By Claire Zabel
Journalistic errors are sometimes serious, sometimes hilarious, and frequently abundant. For example, last year the The Washington Post made the following correction: “An earlier version of this story erroneously said that Joaquín Guzmán was found in bed with his secretary. He was found with his wife. This version has been corrected.” The error in this story was not central to the main point. Most people who read it probably never saw the update, and remember only the false version. One story like this is no big deal (except perhaps to the drug lord, his secretary, and his wife), but in aggregate, valuing false information over no information is damaging and misguided.
An unfounded opinion is worse than no opinion because it is far more noticeable and memorable, but rarely are people rewarded for keeping quiet. When the newest scandal hits the media, outraged tweets abound about how we should not rush to uninformed commentary, or waste time debating silly scandals. (We practice the virtue of silence here by not reviving them).
These calls for silence are often vigorously supported, and completely counterproductive. These and other attempts to publicly halt a debate which is better off forgotten can sometimes strengthen it. (This is termed the “Streisand Effect.”) But those who do their part to slow this media pollution by not commenting are rarely noticed, let alone rewarded. Meanwhile, the tweets of disgust continue to attract attention or even praise. This only creates incentives for any individual to continue the conversation– even amongst people who all believe it isn’t worthwhile. It’s more fun to participate than stay silent, especially if all your contemptuous fellows will gleefully promote your contemptuous response. In the meantime, trivial and incorrect opinions get publicity and media attention.
It is not virtuous to have an opinion on every subject. Incorrect information is worse than no information, and spreading ill-informed opinions can be worse than silence. The social cost of bad information is easy to underestimate because the sheer volume of bad information itself requires expertise to notice. Murray Gell-Mann, a Nobel Prize-winning physicist, observed that when he read articles about physics in the paper, he noticed the abundant errors and misunderstandings of his subject. Yet when he read about subjects he was less familiar with, he found himself assuming that the information was sound. This phenomenon is sometimes called “Gell-Mann Amnesia.”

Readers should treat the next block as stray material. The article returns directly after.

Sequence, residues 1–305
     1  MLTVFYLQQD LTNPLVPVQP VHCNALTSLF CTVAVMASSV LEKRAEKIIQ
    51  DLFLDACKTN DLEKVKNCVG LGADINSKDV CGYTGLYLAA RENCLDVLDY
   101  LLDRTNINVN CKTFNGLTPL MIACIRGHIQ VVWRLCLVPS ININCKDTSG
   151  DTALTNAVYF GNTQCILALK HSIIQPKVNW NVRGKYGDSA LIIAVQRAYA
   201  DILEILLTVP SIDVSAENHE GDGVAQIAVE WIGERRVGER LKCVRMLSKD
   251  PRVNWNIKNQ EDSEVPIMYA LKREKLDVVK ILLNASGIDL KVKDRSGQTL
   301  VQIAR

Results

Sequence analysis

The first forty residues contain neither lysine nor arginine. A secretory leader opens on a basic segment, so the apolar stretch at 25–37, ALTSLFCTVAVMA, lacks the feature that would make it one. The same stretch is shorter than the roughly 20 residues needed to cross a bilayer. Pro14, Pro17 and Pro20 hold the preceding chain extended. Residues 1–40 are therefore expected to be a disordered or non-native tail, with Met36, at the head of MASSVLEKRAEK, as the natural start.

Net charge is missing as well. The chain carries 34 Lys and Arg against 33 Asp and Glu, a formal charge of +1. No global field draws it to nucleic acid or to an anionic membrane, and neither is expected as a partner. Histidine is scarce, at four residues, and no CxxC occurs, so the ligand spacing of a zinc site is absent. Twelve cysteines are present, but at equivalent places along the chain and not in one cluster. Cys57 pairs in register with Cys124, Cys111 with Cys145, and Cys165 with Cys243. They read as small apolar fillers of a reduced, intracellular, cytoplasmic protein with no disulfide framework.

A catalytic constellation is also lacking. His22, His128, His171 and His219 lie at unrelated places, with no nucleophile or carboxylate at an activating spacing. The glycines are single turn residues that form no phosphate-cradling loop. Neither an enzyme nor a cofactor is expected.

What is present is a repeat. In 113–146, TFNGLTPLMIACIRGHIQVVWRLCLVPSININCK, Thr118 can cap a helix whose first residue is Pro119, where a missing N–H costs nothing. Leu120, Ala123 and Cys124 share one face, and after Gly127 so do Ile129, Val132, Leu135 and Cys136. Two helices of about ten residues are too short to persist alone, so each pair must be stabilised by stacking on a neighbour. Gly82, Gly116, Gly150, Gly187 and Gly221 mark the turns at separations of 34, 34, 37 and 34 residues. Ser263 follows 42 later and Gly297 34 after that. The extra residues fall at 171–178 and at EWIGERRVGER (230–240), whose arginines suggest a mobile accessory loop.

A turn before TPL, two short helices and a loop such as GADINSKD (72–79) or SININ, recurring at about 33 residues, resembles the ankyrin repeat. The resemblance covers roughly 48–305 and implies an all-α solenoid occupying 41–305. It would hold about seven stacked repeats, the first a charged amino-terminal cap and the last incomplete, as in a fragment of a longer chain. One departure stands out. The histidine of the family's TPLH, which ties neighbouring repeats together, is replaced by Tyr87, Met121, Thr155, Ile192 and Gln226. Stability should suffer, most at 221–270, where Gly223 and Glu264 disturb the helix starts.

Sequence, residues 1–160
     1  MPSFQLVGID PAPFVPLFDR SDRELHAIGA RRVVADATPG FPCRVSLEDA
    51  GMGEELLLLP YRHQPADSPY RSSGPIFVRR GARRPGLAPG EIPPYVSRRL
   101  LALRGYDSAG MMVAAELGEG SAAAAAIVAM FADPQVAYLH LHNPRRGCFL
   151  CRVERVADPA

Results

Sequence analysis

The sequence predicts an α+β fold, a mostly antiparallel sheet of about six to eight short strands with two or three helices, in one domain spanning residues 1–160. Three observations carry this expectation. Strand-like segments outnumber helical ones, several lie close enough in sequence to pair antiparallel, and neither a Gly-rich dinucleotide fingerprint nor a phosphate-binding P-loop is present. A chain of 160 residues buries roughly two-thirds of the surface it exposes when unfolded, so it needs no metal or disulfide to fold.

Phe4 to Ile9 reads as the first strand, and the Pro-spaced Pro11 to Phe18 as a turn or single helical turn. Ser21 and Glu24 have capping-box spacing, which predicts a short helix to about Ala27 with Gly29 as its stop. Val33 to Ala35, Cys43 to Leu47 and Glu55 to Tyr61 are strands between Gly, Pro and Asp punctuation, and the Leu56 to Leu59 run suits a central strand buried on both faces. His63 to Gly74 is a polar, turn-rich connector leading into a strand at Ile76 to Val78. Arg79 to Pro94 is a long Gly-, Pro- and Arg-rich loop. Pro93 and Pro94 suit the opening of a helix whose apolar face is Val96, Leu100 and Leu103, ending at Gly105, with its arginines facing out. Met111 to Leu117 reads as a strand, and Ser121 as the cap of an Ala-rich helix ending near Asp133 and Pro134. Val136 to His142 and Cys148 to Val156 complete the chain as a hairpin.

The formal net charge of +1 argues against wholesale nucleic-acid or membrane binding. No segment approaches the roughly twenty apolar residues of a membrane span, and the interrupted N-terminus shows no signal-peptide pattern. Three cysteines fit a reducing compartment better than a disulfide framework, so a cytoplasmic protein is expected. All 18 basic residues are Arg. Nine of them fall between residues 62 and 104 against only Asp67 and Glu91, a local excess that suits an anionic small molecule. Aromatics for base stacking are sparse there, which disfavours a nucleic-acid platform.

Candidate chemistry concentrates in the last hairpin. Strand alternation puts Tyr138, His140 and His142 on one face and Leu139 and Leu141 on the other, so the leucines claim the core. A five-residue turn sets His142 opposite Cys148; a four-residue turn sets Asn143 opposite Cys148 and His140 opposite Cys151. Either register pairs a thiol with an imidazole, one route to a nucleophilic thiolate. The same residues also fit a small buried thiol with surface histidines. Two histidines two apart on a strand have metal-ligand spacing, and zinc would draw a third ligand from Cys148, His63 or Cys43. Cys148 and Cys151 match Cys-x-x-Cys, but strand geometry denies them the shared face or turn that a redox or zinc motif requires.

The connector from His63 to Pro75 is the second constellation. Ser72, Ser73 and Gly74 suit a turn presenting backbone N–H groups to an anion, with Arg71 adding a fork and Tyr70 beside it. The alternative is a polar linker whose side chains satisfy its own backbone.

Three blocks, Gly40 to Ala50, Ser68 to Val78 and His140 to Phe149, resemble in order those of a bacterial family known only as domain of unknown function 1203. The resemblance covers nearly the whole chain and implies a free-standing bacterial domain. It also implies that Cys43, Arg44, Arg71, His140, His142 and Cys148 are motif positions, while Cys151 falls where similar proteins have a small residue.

Becoming able to independently reason about any subject takes time and effort. Becoming informed on all of them is impossible. Like everyone else, journalists are incentivized to cut corners when it serves their interests. Intelligent positions are complex, requiring time to develop, whereas unintelligent ones are easy and cheap to churn out.
Journalists (and the institutions that support them) do not often seem to address this. Their job is to communicate about many subjects rapidly, and only rarely do they themselves become experts on those subjects. They can use other tools like interviews to capture the expertise of others, but these methods can be insufficient for robust representation of complex issues. That’s why journalists should be expected to lean on subject-matter advisors, just as they lean on editors.
Editors provide a valuable service, and most people would not read a newspaper that was riddled with spelling errors. But errors in the content–the details of a scientific process, an interpretation of a study, some retelling of a series of events–are more difficult for the average reader to catch. And compared to typos, these sort of errors are far more pernicious.
To be clear, this is a call for content editing, not censorship. We can help ensure content is accurate, coherent, and complete by consulting experts (construed widely– there are many forms of expertise) who could examine a piece of writing holistically. Just as good editing goes beyond spellcheck to include recommendations for skillful and persuasive language, the process of content editing should go beyond making sure that raw facts and numbers are correct. A good content editor could and should make sure a process or series of events is being represented logically and honestly.
There is often room for reasonable disagreement about what constitutes fair and balanced reporting. However, journalists with limited background in a complex subject may be hard-pressed to understand what fair and balanced reporting should entail, especially with tight deadlines.
Despite efforts to help professional experts become better communicators, journalists–the professional communicators–remain critical to the public’s understanding of the world. Asking journalists for a full and complete analysis of issues that most people take years or decades to understand is unfair and unrealistic. Journalists must juggle their dual roles as entertainers and educators, or risk being outcompeted by their peers should their work veer too far on the side of education. Expecting them to do this alone is foolish.
Content editing, or even more vigorous fact-checking, would rob many articles of misleading sensationalist appeal, and the benefits would be difficult for non-experts to perceive. That’s why measures to increase accuracy are very difficult for a newspaper to implement unilaterally. There’s a collective action problem here, in which the incentives are against any single publication deciding to uphold a higher standard of integrity.
We should not ridicule or ignore shoddy journalism, but rather reward accuracy and thoroughness. We need a strong, active bulwark against the spreading of misinformation and flimsy reasoning. And those with the expertise must provide that bulwark, on behalf of everyone still trying to learn.
Contact Claire Zabel at czabel ‘at’ stanford.edu and Joseph (Joey) Zabel at joezabel ‘at’ stanford.edu.